- To find safe and reputable products, make sure the company has third-party lab testing, good reviews, and transparency for its products (including sourcing, extraction methods, packaging, and return policies).
- Interactions with other medications being processed by CYP450 family of liver enzymes
- Many conventional doctors do not know much about CBD since it’s not taught in medical school, so it may be best to ask them if any of the drugs you’re taking are affected by eating grapefruits, since grapefruit also affects the same liver functionality.
Gabriella Wan is a Program Coordinator at the Fatty Liver Foundation with a background in public health. She is passionate about improving quality of life through lifestyle change, awareness raising, and education.
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 Tesséra Naturals.
Supplements: Good or Bad? Useful or Fraud?
Is the multi-billion dollar dietary supplement market villain or savior?
Supplements -- How should we think about these products? What do you think the rate of liver damage caused by people taking supplements is?
Frequency of Liver Injury from Herbal and Dietary Supplements
In the study of drug-induced liver injury (DILI) from the NIH-funded analysis, supplements accounted for 16% of cases overall. Importantly, however, the proportion increased during the 8 years of the study from 7% in 2004-2005 to 19% by 2010-2012. Since then, the proportion of cases of liver injury attributable to supplements in the study has remained high and is, as of 2013-2014, 20% and climbing.
The biggest single category of people suffering liver damage are body builders taking anabolic steroids but the rest are average citizens buying over the counter supplements. They are no doubt spurred on by vast amounts of advertising and false promises by the supplement manufacturers but clearly, in the context of the liver disease epidemic we face supplements are a clear and present danger.
Is this you? Are you lured by the promise of easy good health, just take our expensive little pill?
A research symposium sponsored by the American Association for the Study of Liver Disease and the National Institutes of Health found that herbal and dietary supplement induced liver injury now accounts for 20% of cases of hepatotoxicity in the United States. The major implicated agents include anabolic steroids, green tea extract, and multi-ingredient nutritional supplements. I'm sure that if you are an herbal fan the green tea extract caught your attention. The shout will be "Can't be, people have used green tea for centuries, it is healthy". Indeed, but as with almost all things you might ingest dose is critical. A cup of tea is one thing. A shot of concentrated tea extract is quite another. When you feed the factory that is your liver more of anything than it can handle you should know something is going to be damaged.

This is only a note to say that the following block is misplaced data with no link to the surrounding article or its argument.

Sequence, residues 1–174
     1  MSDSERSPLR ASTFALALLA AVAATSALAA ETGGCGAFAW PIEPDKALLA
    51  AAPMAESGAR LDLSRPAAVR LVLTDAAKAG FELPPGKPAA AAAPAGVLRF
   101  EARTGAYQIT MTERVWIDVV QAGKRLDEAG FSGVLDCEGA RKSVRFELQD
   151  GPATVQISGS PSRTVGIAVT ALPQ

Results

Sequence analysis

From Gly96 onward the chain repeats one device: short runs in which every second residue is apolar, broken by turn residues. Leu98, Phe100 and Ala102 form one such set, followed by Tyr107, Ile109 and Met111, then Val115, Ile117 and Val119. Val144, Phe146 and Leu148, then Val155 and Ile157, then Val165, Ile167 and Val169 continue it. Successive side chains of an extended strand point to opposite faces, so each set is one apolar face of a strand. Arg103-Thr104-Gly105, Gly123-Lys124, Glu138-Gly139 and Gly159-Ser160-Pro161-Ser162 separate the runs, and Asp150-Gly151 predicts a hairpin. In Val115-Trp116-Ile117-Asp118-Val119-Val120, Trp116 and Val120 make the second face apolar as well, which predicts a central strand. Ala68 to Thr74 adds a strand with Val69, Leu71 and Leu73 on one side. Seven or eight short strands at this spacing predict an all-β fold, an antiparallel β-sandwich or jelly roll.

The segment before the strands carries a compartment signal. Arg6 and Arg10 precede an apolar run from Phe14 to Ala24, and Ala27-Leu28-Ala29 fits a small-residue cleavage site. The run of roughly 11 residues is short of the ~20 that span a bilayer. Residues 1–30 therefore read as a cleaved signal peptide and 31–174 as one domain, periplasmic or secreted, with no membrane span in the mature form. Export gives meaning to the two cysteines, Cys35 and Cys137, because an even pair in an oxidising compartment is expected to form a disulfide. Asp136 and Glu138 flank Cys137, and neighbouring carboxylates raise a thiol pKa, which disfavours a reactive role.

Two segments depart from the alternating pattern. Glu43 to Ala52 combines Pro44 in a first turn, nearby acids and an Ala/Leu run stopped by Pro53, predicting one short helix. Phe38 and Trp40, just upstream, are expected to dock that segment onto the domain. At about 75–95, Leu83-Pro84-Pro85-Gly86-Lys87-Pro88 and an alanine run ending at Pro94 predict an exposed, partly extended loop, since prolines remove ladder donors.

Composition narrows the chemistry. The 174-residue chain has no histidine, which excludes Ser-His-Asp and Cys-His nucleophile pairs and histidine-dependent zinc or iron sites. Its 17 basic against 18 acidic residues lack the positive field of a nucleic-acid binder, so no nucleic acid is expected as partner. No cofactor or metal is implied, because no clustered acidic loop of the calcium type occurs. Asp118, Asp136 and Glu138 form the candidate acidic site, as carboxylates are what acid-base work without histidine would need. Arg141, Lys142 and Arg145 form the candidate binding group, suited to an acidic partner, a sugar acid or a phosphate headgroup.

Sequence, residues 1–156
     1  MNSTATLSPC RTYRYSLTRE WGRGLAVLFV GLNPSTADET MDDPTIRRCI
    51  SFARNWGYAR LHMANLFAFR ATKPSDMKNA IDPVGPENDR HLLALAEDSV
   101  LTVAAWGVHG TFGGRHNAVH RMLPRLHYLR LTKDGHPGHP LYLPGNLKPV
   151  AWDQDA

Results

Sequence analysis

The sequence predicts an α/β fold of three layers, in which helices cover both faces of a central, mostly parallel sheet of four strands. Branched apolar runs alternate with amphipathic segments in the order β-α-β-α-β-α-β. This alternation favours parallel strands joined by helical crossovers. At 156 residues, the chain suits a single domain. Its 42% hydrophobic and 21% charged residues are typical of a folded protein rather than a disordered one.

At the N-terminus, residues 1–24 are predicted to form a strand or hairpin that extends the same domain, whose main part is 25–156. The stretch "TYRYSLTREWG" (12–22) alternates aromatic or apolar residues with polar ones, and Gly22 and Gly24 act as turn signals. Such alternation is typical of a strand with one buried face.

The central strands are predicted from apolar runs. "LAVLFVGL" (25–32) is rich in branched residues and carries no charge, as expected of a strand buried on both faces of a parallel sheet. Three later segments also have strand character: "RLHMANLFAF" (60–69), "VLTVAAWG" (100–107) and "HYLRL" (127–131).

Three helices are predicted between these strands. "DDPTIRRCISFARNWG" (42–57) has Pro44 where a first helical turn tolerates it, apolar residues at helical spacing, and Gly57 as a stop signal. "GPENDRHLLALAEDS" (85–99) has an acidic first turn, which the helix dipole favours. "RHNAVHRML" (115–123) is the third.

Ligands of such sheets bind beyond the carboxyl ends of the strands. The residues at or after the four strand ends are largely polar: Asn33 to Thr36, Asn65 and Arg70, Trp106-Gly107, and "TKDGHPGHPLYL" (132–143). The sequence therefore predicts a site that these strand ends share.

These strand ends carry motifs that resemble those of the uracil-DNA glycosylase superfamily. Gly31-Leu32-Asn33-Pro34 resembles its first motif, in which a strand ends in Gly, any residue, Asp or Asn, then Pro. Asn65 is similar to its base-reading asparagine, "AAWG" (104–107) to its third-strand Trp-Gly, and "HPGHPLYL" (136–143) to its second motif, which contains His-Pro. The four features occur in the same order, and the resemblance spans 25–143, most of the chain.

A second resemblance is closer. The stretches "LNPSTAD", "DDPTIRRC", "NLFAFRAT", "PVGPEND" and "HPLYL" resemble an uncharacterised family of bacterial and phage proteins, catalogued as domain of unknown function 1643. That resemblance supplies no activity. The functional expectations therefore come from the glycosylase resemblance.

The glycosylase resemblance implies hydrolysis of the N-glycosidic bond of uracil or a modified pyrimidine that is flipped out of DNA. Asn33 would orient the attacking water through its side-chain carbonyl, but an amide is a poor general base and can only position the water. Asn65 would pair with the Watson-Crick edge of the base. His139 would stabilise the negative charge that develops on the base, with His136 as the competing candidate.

Think about the advertising for supplements. You hear the pitch that the Chinese have used it for thousands of years suggesting great power and safety. They rarely mention that the same medicinal culture sells rhino horn and tiger penis to give men erections. Just sayin. Folk medicine may not be wrong but absent real research it is usually a song sung for profit and you take your chances with your health. Remember, the snake oil salesman motto, "Keeping you safe is not my job man".
Beyond the obvious failures by well intentioned people the supplement industry is ripe for thieves and other assorted criminals whose only goal is to steal your money. Phony ingredients are common and the actual strength of what you get can not be relied upon being what is claimed. Fraudsters will happily walk with you to your grave as long as you can buy the pills.
Our advice, if you have a fatty liver, which is probably what brought you here, do not go down the supplement road. You are already at risk of ending up with end stage liver disease so your goal must be to be as kind to your liver as possible. If you are overweight, make the lifestyle changes that you need to in order to not be fat. If you are lean and still have trouble be concerned and examine your choices with the help of a doctor. In all cases, however, a liver friendly diet will help you and you can find some information here.
Diet information and comparisons for different levels of concern
If you are interested in liver fibrosis and how diet affects your liver you might spend some time on this page.
If you are interested in the level of fraud in the supplement industry this report by the FDA is a good place to start.
From the FDA Beware of Fraudulent